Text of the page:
Technically Incorrect offers a slightly twisted take on the tech that's taken over our lives.
Many people have private beliefs -- very interesting beliefs -- that they choose not to make public for fear of being ridiculed.
It's easy, therefore, to admire Cleveland Cavaliers point guard and NBA All-Star Kyrie Irving for fully expressing his views about the state of the world. Or, more accurately, about the shape of the Earth.
Appearing on a podcast with teammates Richard Jefferson and Channing Frye, Irving expounded, around 16 minutes into the show, on many scientific subjects.
Among them was the apparent fact that Neil Armstrong's footprints on the moon look very different from the shape of his boots.
Irving said he believes in aliens. He also believes the Earth is flat.
He said humans need to make their own minds up. About his belief that the world is flat, he said, "This is not even a conspiracy theory."
Oh, good. We've had enough of those lately.
As far as Irving is concerned, the evidence is clear: "It's right in front of our faces. I'm telling you, it's right in front of our faces. They lie to us."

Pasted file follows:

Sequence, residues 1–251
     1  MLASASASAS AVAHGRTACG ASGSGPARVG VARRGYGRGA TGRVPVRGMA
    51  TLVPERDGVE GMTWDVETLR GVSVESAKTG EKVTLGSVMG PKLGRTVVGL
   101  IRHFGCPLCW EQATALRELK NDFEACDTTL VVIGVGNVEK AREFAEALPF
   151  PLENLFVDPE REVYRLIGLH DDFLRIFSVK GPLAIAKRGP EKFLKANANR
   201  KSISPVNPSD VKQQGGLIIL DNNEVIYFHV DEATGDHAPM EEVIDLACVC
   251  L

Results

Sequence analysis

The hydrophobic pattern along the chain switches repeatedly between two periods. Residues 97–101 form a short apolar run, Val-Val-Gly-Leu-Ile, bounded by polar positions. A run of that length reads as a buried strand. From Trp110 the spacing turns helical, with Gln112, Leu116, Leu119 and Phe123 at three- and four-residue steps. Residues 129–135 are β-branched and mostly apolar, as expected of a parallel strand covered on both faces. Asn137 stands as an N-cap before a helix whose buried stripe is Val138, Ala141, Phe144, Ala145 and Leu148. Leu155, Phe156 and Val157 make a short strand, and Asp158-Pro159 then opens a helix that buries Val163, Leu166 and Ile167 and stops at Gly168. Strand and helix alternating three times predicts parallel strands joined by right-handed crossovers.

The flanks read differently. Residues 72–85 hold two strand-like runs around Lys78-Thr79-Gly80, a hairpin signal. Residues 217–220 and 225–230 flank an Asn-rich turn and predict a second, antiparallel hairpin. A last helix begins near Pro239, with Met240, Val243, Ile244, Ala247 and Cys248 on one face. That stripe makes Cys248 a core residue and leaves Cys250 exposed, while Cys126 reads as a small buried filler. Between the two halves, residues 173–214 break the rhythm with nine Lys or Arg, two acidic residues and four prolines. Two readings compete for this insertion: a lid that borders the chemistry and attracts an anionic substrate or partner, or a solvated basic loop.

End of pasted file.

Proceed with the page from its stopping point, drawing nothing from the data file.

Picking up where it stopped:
"They" seemingly being those who control the information. At least he didn't use the term "fake news," nor even "fake science."
He did, though, offer his own science.
"If you really think about it from the landscape of the way we travel, the way we move, and the fact that -- can you really think of us rotating around the sun and all planets aligned, rotating in specific dates, being perpendicular with what's going on with these planets?" he said.
Apparently, "the truth is right there. You've just got to go searching for it."
Well, I Googled pictures of the Earth and it does seem to mightily resemble the shape of a basketball. Might Irving, who briefly attended Duke, have just not seen those pictures?
Neither he nor the Cavaliers immediately responded to a request for comment.
Still, you might think Irving was joking. I might think it too. He claims he's serious. He repeated his solid flat-Earthist stance to ESPN's Arash Markazi.
"I've seen a lot of things that my educational system has said that was real that turned out to be completely fake," he told Markazi, with the occasional smile. "I don't mind going against the grain in terms of my thoughts."
Irving wasn't done with his scientific theories. He also told Markazi that no one really knows what dinosaurs looked like.
"They find one bone and make up 98 percent of it digitally," he revealed.
It's healthy to know that there are still scientific bones of contention.